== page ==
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Economic slowdown improves commute times

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September 8, 2008

Economic slowdown improves commute times

Economic slowdown improves commute times

September 9, 2008 As we learn to monitor and analyze what really happens out there, some complex and quite fascinating relationships are beginning to come to light. An example of this came when the latest Trafficmaster/RAC Foundation Journey Time Index was published in the U.K. It seems that high fuel prices, the credit crunch and the economic slowdown have resulted in decreasing traffic congestion, with jams down 12 per cent compared to 2007. It also found that the average speed on Britain's motorways has slowed from 63.3 mph to 62.2 mph as motorists aim to conserve fuel, and despite slowing speeds, journey times have improved by 0.3%. September 9, 2008 As we learn to monitor and analyse what really happens out there, some complex and quite fascinating relationships are beginning to come to light. An example of this came when the latest Trafficmaster/RAC Foundation Journey Time Index was published in the U.K. It seems that high fuel prices, the credit crunch and the economic slowdown have resulted in decreasing traffic congestion, with jams down 12 per cent compared to 2007. It also found that the average speed on Britain's motorways has slowed from 63.3 mph to 62.2 mph as motorists aim to conserve fuel, and despite slowing speeds, journey times have improved by 0.3%.

The data for the survey is actually a by-product resulting from Trafficmaster’s other services in the UK which include an intelligent satellite navigation system, which uses live traffic information and real-time road speeds to calculate optimum routes and avoid traffic congestion, stolen vehicle tracking, and the provision of live traffic information to other aftermarket and factory-fit satellite navigation systems. Trafficmaster maintains a unique traffic monitoring network of 7,500 sensors, covering 8,000 miles of UK motorways and trunk roads.

Georgina Read at Trafficmaster comments: "Our traffic monitoring network shows the start of a change in driving patterns and behavior over the past six to twelve months. Average motorway speeds have reduced as has congestion - this indicates a reduction in the volume of vehicles, especially HGV's, traveling on the roads. One obvious explanation for this is that rising fuel prices and general economic concerns are making people think carefully about how they drive. The upshot of less traffic is a drop in congestion levels, meaning motorists can get from A to B quicker while traveling at lower and more economical speeds. It really is a case where less haste can mean more speed."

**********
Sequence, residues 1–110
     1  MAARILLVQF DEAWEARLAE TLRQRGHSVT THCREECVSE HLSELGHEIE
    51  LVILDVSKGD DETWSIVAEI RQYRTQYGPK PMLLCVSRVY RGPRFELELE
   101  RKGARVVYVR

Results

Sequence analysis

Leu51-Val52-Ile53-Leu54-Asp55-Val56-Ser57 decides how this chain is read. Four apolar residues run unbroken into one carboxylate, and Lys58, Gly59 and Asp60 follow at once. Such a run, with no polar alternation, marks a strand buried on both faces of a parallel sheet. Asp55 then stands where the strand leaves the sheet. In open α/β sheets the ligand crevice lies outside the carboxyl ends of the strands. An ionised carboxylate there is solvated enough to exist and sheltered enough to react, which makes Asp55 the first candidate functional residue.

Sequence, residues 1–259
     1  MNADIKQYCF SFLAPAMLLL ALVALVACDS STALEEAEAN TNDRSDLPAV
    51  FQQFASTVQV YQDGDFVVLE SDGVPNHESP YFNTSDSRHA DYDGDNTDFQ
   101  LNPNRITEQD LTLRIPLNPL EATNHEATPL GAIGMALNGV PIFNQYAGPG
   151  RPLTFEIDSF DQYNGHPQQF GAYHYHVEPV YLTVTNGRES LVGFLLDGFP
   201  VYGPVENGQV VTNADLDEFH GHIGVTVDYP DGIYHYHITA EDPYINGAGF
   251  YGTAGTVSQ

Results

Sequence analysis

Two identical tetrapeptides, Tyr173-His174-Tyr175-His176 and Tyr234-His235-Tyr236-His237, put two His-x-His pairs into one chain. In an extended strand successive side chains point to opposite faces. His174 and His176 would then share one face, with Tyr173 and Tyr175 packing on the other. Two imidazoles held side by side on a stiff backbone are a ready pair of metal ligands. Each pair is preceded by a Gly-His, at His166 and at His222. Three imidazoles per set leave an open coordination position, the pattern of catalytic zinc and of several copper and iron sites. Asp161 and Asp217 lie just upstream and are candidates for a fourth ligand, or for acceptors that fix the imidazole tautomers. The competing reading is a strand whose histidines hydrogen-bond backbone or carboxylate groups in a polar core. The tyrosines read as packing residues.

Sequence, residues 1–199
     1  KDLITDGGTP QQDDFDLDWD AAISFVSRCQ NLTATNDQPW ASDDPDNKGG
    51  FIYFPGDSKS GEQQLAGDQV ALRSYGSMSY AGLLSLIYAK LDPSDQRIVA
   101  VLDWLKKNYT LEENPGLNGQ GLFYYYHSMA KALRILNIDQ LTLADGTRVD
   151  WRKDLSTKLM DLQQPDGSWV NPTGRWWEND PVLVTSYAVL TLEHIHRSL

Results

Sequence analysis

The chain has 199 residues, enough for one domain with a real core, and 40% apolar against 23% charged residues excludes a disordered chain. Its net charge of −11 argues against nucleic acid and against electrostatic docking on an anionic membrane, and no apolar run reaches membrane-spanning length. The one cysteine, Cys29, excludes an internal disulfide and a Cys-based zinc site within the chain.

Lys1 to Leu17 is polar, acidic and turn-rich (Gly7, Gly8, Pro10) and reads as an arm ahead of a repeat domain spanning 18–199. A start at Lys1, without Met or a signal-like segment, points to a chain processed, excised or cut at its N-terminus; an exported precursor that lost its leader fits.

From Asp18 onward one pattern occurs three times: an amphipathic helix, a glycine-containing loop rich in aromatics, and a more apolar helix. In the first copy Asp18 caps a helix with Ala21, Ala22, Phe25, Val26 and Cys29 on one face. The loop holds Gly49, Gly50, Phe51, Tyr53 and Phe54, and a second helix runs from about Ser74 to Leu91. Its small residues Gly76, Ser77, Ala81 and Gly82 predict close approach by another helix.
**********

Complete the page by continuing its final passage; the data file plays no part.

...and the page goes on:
Overall the route with the most dramatic decrease in congestion is the M25 Northern sector between junctions 21 and 31, with a 26% reduction in traffic jams over 12 month period from June 2007 to June 2008 compared to same period the year before.

This change in traffic trends is down to a general drop in the number of vehicles, particularly heavy goods vehicles, travelling at peak times. This could in part be due to the downturn in the retail and construction industries that predominately make up the commercial vehicle segment. The completion of a number of major road works also plays a major part in the dramatic decrease in congestion.

Sheila Rainger, Head of Campaigns at the RAC Foundation, concludes: "The fall in congestion is good news in an otherwise bleak picture for UK motorists and shows that motorists are moving journeys out of peak hours where possible. However, this altered pattern of demand can only be a breathing space for policymakers, and does not remove the case for investment in a package of congestion-busting measures, including action to tackle bottlenecks, and properly planned additional capacity on the UK's strategic network. Until these long-term improvements are in place, motorists can achieve a more reliable journey by planning ahead and making small adjustments to avoid the jams."

The Journey Time Index monitors 26 major routes across the UK over the last three years. It also looks at the rise and fall in congestion with reference to the worst traffic hotspots across the country. As a summer issue the Index also publishes data on the most congested holiday routes and identifies the events and festivals that have the biggest impact on the country's roads.

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